This Saturday I had the privilege to play in the 19th Annual Bryan S. Clark Pi Kappa Alpha Golf Scramble at the Griffin Gate Golf Course in Lexington. I haven’t played in all 19 editions of this Golf Scramble, but I’ve attended more than a dozen, for sure.
In prior years I’ve been on teams that finished in the money, and I’ve been on teams that could barely stand up after 16 holes. Every year, regardless of the quality of golf displayed, a good time is had by all, and 2014 was no exception.
We play the Scramble at the Marriott Griffin Gate Golf Club pretty much every year. The resort-style course is practically perfect for hosting a golf scramble, and its location almost literally at the intersection of interstates 64 & 75 makes it a great collection point for all our out-of-town visitors.
Griffin Gate Golf Club was designed by the Rees Jones, the heralded and controversial “Open Doctor,” and opened for play in 1981. We played the Scramble from the Blue Tees, which measure to just under 6,200 yards and play to a course rating and slope of 69.5/129.
Griffin Gate is not a terribly long or tough course from the regular tees, and its wide fairways and large greens are the ideal setup to move our largely “altered” golfers through.
And the course is almost invariably in impeccable condition. Perhaps its a product of our consistent scheduling of the Scramble to coincide with the Preakness Stakes each May, but Griffin Gate’s bent grass tees, fairways, and greens were the perfect shade of dark green.
The course uses a lot of angles and hazards that actually makes the golfer put more thought into the tee shot than your standard grip-it-and-rip-it resort course.
If you hit the ball where you’re supposed to from the tee, the course is very generous and relatively easy. For the highly skilled golfer, the course can be overpowered with excess length.
However, there are enough bunkers, water hazards, and hard turning dogleg fairways to challenge the golfer not in control of their golf ball (count my group in this category).
If I were pressed for a complaint about the golf course, I might propose two: first, the greens are incredibly slow at Griffin Gate. Perhaps it’s a product of how much water is required to keep all that bent grass green.
Or maybe it’s that the course is set up as close to a true resort style layout (“get ’em on, get ’em through) and a desire to get as many groups through as possible without delays. Regardless, Griffin Gate’s large greens consistently play slower than anywhere else in Central Kentucky.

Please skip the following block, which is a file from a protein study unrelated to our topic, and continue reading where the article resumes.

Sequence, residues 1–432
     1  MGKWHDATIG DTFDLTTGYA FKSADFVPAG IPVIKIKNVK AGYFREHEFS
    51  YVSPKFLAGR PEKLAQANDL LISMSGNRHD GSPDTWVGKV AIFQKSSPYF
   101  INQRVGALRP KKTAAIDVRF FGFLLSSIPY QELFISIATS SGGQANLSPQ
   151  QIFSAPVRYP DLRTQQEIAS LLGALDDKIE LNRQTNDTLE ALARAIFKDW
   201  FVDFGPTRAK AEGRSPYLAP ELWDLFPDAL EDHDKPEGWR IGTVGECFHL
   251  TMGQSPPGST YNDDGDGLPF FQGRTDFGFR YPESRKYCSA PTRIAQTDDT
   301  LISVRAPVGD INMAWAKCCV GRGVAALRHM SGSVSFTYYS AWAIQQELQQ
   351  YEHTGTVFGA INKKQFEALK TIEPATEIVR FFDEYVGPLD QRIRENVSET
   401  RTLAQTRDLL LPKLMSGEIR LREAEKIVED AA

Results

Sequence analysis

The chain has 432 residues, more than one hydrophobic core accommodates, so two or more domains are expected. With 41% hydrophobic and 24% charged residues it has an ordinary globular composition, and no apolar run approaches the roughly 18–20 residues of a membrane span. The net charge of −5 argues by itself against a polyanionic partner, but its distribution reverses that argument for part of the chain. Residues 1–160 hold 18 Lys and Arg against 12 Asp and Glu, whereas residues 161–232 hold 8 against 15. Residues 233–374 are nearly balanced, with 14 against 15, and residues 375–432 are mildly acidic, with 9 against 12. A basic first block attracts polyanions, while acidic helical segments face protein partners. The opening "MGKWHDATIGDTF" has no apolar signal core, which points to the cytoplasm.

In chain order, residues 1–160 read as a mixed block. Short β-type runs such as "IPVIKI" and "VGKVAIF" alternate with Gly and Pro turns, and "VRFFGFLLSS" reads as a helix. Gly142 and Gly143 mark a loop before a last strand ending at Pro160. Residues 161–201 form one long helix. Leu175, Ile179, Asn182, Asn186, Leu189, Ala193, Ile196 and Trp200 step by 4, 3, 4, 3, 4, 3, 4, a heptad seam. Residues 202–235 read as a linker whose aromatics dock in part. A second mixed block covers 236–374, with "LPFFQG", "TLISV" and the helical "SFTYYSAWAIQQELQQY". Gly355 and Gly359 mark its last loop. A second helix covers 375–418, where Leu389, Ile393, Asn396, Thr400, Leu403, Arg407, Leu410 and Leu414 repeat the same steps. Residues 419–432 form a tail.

The only other complaint I might have is that the course is showing its age under the strain of modern golf clubs and balls. As drives and ball flights have gotten longer (generally, and in my own game), several holes have become borderline awkward.
What were probably an excellent collection of par 4 and par 5 holes 30 years ago have evolved, through no fault of Jones or the course, into a menagerie of holes that requires something other than driver from the tee.
If I were playing by myself and trying to really score at Griffin Gate, I would probably hit an equal number of hybrids and drivers from the tee on the par 4’s and 5’s.
While some might argue that this creates a better thinking man’s golf game, it’s almost an oddity compared to what I generally consider Scramble golf.
Nonetheless, the course held up well and was plenty enough challenge for my semi-serious group of golfers. And how well or how poorly we played ultimately was of secondary importance to the camaraderie and fun we had on the day.
Despite the rugged beard and curmudgeon’s attitude, I’m more susceptible to sentiment and nostalgia than I care to admit.
Even in the limited space of an hour before the shotgun start and a round of drinks afterwards whilst waiting to watch the running of the Preakness, it’s heart-warming to catch up with guys that I may not have seen in a few years.
Ultimately, the Scramble is an opportunity to renew friendships of days gone by and to remember and honor the legacy of a brother taken far too soon. So I will leave you with the testimonials from some of my brethren about Bryan S. Clark, and remind you that despite the hours and dollars we put into it, golf is just a game.